11) All such "policies" being rather more like the Pirates Code ("just guidelines, really"), purely at the whimsy and caprice of whatever doctor(s), charge nurses, or cranky old bat nurse has phone duty that day at the Public Health office, and their personal and capricious interpretation of the current (of four or five or six, so far) CDC guidelines
12) which apparently are changed every hour, if not more frequently
13) while the managers, and senior management, who should be living in the same shoes and underpants 24/7/365 in the hospital until they sort this shit out, weekend or no, but whom are instead nowhere to be seen, heard from, or in any wise directly involved, until the total colossal clusterfuck falls over from its own weight seven or eight times over, between Friday afternoon and the middle of the following week.
14) while staff and patients, having to deal with the results of people with Acute-on-Chronic Head-Up-The-Ass-Syndrome, are repeatedly subjected to potential pandemic exposure, leading to sickness, preventative quarantine, lawsuits, and death
15) as the Low IQ staff members, who still think this is no big deal, continue to half-ass every bit of their response, 24/7/365, because half of them were below the upper/lower cut in their graduating classes as well.
THAT'S WHAT YOU'RE GETTING.
The CDC (as per usual, going back
Supervisory staff puts on its Lemming Suicide Squad Crash Helmet and blinders, and announces that the Light Brigade will smartly charge right over the cliff.
Grunt-level staff, doctors, nurses, ancillary members, etc. will continue to work until
a) they can't take the bullshit
b) they get sick
c) they realize their own family's safety trumps a paycheck.
Instead of learning from Italy's mistakes, and trying to save people and the overall healthcare system, we're going to keep on half-assing this until we're in it over our heads, and then drown, because stupid. Instead of making the hard call early, and working the kinks out now, when it would have been easy, when it's five patients a week, we'll wait until it's 500 patients an hour, and then crash and burn in a glorious orgy of stupidity.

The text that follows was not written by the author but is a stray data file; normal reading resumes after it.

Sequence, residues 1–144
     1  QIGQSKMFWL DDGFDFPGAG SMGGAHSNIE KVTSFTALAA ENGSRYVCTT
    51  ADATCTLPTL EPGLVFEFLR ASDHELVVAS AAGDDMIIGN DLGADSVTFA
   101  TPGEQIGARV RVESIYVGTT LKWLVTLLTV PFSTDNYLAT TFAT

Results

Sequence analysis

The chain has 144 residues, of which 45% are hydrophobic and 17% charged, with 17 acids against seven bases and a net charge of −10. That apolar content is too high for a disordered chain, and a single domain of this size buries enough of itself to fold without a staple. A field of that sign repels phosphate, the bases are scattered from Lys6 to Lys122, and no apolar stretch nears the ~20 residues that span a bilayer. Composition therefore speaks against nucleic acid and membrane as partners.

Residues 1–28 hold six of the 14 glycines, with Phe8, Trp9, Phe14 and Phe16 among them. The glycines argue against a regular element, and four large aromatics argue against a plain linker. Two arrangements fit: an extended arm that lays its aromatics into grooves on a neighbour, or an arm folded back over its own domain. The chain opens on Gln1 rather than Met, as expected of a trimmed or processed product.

I expect people to hit the wall.
This is all new to everyone.
There hasn't been a pandemic like this in 100 years.
BUT I ALSO EXPECTED THEM NOT TO BE SO GODDAMN STUPID AFTER THEY HIT THE WALL ONCE AS TO NOT THEN RUN HEADFIRST INTO IT TEN OR TWENTY MORE TIMES, IN RAPID SUCCESSION, SIMPLY BECAUSE THEY CAN.
That last expectation was misguided, being most clearly irrational hubris overcoming a solid and well-founded pessimism about people in general, the universality of the Peter Principle, and the inevitability of people, left to their own devices, shooting themselves in the feet until they run out of feet, or ammunition. And then, reloading.
Having said (and witnessed, firsthand) all of the above, and after understating it by at least half (you really have NO idea) there's only one way to deal with this, for me:
I mean that last, most sincerely. We're all going to go through this. Harden the fuck up.
Take care of yourselves.
Take care of your families.
Take care of your friends.
Take care of Your People.
No one is coming to save you.
Not the government.
Not. Any. One.
Everything is Your Responsibility.
Deal With your Shit.
Get It Done.
YOYO = You're On Your Own
Best Wishes. Really.
And if, watching the economy do a SMOD impact into your life, and the entire nation go onto a (mostly voluntary) full lockdown quarantine, you still think this is just a hype and a nothing burger, I can't help you.
If you're right, I don't need to; and if I'm right, no one will miss you.